Somewhere in the matronly quarter of my heart, where life is disciplined and controlled and just a little bit starchy, I have always disapproved of Ernest Hemingway. I should point out first of all that this is tremendously unfair as up until a few weeks ago I hadn’t even read anything by him. My prejudice was based entirely on an account of his many marriages written by Jeffrey Meyers, who is very good at dealing in a really satisfactory way with the fairly gruesome relationships so many writers got themselves into. Whilst most biographers pay deferential respect to all the parties concerned, and hesitate to draw scurrilous conclusions, or (heaven forbid) read anything into the fictional works that might not truly belong there, Meyers leaps into the swamp of human relations and manages to wallow around in them in an intellectually pleasing way. Well, anyhow, I was convinced that Hemingway’s treatment of the women in his life was not an admirable thing, and that he was the kind of person I most disapprove of – one who stubbornly persists in the absence of self-knowledge. Although Gertrude Stein said it much better when she said of him, ‘Anyone who marries three girls from St. Louis hasn’t learnt much.’
But I was very intrigued to read his autobiographical account of the early years he spent in Paris, entitled A Movable Feast. I’m a sucker for that kind of aspiring-writer type of memoir, and I knew it involved Hemingway’s friendships with several of the great writers of the day, including Scott Fitzgerald, Ezra Pound and of course, Gertrude Stein. In it, Hemingway returns to the years between 1921-26 when he was married to his first wife, Hadley, making a name for himself as a writer and scraping a living as a journalist. Paris was working its usual magic on his creative faculties and Hemingway was spending the vast majority of his time writing in cafés (not something you could attempt nowadays in the UK, but very in vogue in that era). Or else he was doing manly things like gambling on the horses, nipping down to Spain to watch the bull fights or spending extended holidays in Switzerland, skiing. The account he writes of this time in his life is so pickled in nostalgia that it is both impossible to get a proper sense of what it was actually like, and it is also a tremendously enjoyable read; the reader bobs along buoyantly on the surface of the narrative, drifting past any number of idyllic landmarks on the journey to writerly excellence in exotic, inter-war Europe. I really enjoyed the accounts Hemingway produces of his time spent in the company of other authors, particularly the conversation with Ford Maddox Ford, in which Hemingway tries to sort out the distinctions between cads, bounders and gentlemen, and the disastrous road trip with Scott Fitzgerald who performs a formidable Princess-and-the-Pea routine with every little bump and distraction in the course of their journey. Paris has never been lovelier, and of course what gets any would-be author salivating is the way Hemingway describes his apprenticeship in art: crafting his sentences, disciplining his thought, powering his way forward with confidence and brio into a startling new voice in twentieth century literature. If there’s anything Hemingway sells in this book, it’s the concept of the good life at the root of magnificent literary endeavour.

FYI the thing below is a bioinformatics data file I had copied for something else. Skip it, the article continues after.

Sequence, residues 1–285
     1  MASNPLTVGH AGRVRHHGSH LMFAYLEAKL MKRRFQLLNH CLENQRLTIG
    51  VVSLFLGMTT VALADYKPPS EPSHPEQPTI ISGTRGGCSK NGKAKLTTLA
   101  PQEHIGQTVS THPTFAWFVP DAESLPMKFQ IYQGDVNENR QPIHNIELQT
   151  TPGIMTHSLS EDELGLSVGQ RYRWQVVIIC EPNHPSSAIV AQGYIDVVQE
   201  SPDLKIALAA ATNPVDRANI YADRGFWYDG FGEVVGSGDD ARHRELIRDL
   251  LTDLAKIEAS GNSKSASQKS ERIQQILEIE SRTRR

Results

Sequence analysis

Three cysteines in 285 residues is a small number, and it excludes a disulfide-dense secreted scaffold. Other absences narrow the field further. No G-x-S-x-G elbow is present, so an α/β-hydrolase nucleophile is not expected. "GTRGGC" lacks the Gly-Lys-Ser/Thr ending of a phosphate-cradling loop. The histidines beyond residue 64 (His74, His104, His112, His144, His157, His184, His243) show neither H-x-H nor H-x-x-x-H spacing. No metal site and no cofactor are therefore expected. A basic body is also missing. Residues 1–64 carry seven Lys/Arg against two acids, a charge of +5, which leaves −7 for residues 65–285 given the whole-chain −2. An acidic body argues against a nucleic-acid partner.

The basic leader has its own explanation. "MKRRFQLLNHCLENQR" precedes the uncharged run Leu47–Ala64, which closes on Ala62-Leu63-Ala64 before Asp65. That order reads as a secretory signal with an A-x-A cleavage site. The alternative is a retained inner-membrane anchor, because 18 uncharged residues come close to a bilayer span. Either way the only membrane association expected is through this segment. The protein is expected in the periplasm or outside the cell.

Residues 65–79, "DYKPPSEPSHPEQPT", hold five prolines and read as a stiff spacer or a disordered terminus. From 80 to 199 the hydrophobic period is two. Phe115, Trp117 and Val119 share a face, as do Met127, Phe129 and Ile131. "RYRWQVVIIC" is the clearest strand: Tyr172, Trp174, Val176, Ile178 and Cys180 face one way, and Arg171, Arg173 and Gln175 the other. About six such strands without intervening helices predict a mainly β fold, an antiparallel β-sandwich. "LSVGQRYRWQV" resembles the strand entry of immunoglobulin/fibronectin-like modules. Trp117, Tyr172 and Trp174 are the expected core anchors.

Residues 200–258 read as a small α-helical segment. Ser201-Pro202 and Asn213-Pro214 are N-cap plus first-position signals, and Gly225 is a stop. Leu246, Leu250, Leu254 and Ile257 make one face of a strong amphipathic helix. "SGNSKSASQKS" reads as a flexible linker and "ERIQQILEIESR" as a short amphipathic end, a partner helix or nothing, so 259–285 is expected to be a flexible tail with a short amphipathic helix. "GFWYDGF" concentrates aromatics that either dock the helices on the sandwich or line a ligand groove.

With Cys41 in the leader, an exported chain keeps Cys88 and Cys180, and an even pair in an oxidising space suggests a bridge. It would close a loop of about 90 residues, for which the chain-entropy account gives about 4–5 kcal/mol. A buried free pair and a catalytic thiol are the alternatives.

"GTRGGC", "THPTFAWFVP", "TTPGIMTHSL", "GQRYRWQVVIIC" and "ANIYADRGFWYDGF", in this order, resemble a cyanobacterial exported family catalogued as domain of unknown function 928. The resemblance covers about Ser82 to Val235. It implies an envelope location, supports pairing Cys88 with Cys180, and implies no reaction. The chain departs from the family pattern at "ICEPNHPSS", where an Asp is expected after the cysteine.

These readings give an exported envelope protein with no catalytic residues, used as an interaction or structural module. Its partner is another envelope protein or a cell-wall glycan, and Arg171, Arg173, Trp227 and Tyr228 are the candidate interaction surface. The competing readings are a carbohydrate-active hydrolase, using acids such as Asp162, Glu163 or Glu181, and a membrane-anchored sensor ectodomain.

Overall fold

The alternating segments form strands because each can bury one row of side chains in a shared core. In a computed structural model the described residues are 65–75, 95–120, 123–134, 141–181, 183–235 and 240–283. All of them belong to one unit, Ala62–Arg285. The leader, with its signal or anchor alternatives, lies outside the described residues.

But what a strange voice it is. This was the first Hemingway I’d read and it took me a while to settle down into that clipped, often repetitive, child-like first person. Sometimes he comes across like an early learning reader, naively pointing with his words at the world, sometimes there is an almost biblical cast to the tone, in the insistence that all is good, that all can be seen to be good, that food and drink are simple pleasures and the thrill of nature best of all… Most often I felt he sounded like a man who needs to prove he can dance and still look macho, that his masculinity would somehow be offended if any frilly petticoat of an adjective, any lacy bonnet of a complex sub clause, should somehow insinuate itself into his hard-working, stiff-drinking, uncluttered representations. But then sometimes he would unclench and with a dash of humour added in, he sounded like a man who knew how to tell a really good anecdote in a bar. Which is probably fundamentally what he was. I felt dangerously certain that I would have liked Hemingway had I ever met him, that I would have been amused by him, and that he would not have liked me at all.